Sep 25, 2016

Without You, There is No Us, by Suki Kim

North Korea: the black hole of international politics, the unknowable, confounding, belligerent nation that pops up on our radar every once in a while when seismographs register another nuclear test, or a lucky defector manages to tell his or her tale of unending woe. For most of the world, North Korea is a minor, albeit slightly worrying inconvenience, more notable for its various humanitarian crises than anything else. China is its only ally, and Japan its most nervous antagonist. But for South Koreans, the North is a source of constant pain, a reminder of families torn apart and a war that destroyed a generation, along with its parents and children.

Kim's memoir is notable for many reasons, the first of which is drawing attention to this pain that is largely unknown outside of Korean communities. She writes of her mother and grandmother and their flight from Seoul, from which Kim's uncle never returned. He could have been killed in the war, or taken to the North to work in a gulag, or alive with a family. For so many Koreans, this ripping apart of families remains a wound that cannot possibly heal because there is no way to know what actually happened to their loved ones. This scar is passed along the generations, so that Kim feels her mother's pain, and her grandmother's.

Even if this book were terribly written, it would be fascinating for its unprecedented look inside North Korea. Kim spent a year teaching young men English. The Pyongyang University of Science and Technology is hardly any of those things: funded and staffed entirely by Christian missionaries, the students at PUST are taught only one subject - English - and are nearly all the sons of North Korea's elite. Their worldview is so utterly different from our own, stunted and limited, not to mention completely warped by the propaganda they live with. Even that's an understatement; propaganda is their way of life, there is nothing else to compare it to. To list even half the ways in which these children grow up with misinformation would take pages and pages; I encourage you to read the book, as it defies expectation.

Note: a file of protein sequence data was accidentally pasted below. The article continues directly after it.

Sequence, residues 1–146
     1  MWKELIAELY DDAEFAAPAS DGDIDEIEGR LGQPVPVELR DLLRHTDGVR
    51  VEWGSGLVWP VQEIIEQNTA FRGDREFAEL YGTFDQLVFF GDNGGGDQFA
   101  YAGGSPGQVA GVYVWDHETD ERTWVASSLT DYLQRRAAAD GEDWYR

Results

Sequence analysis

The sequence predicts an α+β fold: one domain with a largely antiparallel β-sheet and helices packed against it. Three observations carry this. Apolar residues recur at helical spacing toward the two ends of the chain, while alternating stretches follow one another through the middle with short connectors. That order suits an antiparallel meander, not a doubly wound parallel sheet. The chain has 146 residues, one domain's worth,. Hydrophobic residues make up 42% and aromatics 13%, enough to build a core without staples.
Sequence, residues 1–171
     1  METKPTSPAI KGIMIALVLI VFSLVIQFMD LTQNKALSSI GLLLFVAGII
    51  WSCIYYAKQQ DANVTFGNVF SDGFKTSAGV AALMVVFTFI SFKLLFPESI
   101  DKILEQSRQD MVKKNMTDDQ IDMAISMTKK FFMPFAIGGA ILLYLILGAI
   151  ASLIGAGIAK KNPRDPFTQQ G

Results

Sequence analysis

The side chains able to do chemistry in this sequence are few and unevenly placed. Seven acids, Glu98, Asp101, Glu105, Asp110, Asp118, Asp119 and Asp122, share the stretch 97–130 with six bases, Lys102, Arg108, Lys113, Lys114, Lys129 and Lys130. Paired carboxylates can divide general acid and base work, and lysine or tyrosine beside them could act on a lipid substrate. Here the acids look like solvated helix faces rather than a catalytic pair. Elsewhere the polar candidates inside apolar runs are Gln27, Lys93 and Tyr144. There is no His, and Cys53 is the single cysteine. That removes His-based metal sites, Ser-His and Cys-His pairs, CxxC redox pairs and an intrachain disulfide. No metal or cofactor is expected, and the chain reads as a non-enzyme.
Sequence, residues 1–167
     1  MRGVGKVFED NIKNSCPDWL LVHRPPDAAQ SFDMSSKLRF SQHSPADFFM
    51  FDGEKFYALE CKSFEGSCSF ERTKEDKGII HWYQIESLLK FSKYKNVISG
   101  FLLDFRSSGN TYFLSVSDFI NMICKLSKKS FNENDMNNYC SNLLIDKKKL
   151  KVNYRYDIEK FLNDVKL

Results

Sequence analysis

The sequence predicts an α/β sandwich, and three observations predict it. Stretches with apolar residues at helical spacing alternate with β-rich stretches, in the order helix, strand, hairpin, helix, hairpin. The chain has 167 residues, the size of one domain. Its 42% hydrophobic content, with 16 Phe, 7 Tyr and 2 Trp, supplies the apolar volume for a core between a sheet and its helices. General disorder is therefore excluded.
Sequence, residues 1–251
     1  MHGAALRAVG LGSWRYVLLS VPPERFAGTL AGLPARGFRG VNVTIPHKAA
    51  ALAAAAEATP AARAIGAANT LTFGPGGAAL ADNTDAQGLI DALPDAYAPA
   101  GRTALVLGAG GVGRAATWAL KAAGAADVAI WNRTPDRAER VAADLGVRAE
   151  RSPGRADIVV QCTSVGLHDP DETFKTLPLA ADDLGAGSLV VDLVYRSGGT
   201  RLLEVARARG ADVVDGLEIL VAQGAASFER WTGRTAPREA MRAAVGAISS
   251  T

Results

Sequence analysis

I only have two qualms about the writing, one general and one specific. Generally, the writing is (and I wish I could think of a better word for this) slightly childish. While this is partly a good thing, in that it puts us into Kim's fragile state of mind, it also becomes a bit repetitious. Again, this might be her intention, to echo the inane repetition of each day, but the writing is just so emotional that it becomes annoying. Specifically, I absolutely detest her usage of the word "lover." She's referring to a man back home, someone she used to date and had reconnected with shortly before leaving for North Korea. He's not a boyfriend, and she doesn't want to use his name, so I understand her need for some other label, but in today's language, "lover" is a strong word that denotes an extra-marital affair, and very few people use it at all. So every time it cropped up in the book (which is fairly often), it jarred me and completely took me out of the reading experience. I wish she had just picked a pseudonym for this man, as she did with all the others in the book.

Still, if you have any interest at all in this enigmatic country, I strongly encourage you to pick this up. It's a quick, enthralling read, one of very few like it that can educate you about one of the world's last unknowable places. Writing this book was an act of bravery for Kim, and I thank her for it.

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